• Premium specifications. Value adding features of the basic shell can include increased ceiling heights, second or third bathrooms and high quality facades.
  • Secure car parking
  • Development efficiency. There are three key elements: the precise matching of unit sizes and specification to demand, the maximisation of net-to-gross-floor-area ratios and the minimisation of wall-to-floor ratios. The main driver behind an optimal ratio is circulation and means of escape. Options with multiple cores are preferred, as these minimise corridors and give greater security and intimacy. The size of cores on taller blocks can be further optimised through a fire engineering approach.
  • Floor-by-floor net to gross efficiencies of 80 to 85% are common.
  • Privacy. As planning guidance directs development into more dense, urban locations, issues of privacy are becoming more acute. The key areas where privacy is a source of concern and which can be addressed through design and construction include: noise insulation (this can be dealt with by careful layout, detailing, and specification of walls, partitions and floors); personal space (generous space standards are important to providing privacy inside dwellings – this can be a problem in small open-plan apartments; storage space is also a major issue); access (to private outdoor space such as a terrace or balcony); control over being overlooked (this usually affects balconies and terraces, but also modern schemes with floor to ceiling glazing) ; security and safety (both in the home and in public areas)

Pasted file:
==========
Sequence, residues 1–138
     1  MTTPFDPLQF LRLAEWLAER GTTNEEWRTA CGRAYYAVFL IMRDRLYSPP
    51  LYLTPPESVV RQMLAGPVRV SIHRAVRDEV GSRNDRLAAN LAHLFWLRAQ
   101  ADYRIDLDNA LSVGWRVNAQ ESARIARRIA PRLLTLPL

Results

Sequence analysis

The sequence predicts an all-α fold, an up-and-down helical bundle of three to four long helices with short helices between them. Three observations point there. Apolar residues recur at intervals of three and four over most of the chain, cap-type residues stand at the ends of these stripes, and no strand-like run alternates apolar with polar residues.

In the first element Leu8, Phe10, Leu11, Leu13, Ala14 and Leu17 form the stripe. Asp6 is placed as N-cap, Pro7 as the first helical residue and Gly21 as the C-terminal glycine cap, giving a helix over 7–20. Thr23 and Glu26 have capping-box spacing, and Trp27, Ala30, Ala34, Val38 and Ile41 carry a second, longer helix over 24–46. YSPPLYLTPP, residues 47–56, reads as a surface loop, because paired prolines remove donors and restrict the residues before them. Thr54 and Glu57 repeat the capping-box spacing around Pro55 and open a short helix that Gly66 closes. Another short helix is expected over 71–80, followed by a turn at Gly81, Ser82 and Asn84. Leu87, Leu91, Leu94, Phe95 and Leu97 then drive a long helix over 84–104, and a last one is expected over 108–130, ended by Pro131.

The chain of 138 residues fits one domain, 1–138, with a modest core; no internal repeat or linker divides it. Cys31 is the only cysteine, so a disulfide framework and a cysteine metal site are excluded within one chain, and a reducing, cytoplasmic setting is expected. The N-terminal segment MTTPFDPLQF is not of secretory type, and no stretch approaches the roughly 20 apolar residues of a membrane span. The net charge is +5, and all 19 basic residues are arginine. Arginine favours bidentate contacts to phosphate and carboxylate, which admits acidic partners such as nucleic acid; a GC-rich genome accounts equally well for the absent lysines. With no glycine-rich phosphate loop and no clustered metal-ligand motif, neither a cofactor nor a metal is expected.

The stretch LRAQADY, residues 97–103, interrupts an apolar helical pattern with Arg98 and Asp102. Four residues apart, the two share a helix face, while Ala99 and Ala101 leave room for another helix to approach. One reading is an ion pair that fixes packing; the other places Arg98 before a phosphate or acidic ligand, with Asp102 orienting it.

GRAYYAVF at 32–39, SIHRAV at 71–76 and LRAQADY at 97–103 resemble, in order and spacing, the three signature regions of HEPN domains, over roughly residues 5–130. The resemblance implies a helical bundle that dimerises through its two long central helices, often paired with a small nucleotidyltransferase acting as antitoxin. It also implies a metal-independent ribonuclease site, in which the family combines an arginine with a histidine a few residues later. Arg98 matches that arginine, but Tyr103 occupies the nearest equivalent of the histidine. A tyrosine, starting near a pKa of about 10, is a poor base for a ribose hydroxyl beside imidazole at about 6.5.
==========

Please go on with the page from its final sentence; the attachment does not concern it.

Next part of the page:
• Design features. The wow factor, which generates sales, can often be related to detailing and fit-out. Options include: upgraded or integrated kitchen appliances, including the latest must-haves, such as ranges and American style fridge-freezers, granite worktops upmarket wall tiling and mosaic work, lighting and lighting control packages, integrated wiring for data and entertainment and enhanced storage.
  • Resident services, such as healthclubs and a concierge, attract buyers and generate employment as part of a planning agreement.

Some developers are also giving sustainability a higher profile. In addition to the environmental considerations, residential developments can have a significant impact on regeneration and the establishment of sustainable communities, through job creation and investment using section 106 agreements.

Procurement and construction

The urban residential market is complex and can involve significant risk. Developing brownfield sites, negotiating affordable housing quotas and section 106 contributions and achieving an optimum mix of uses for a sustainable development requires a high level of development skill.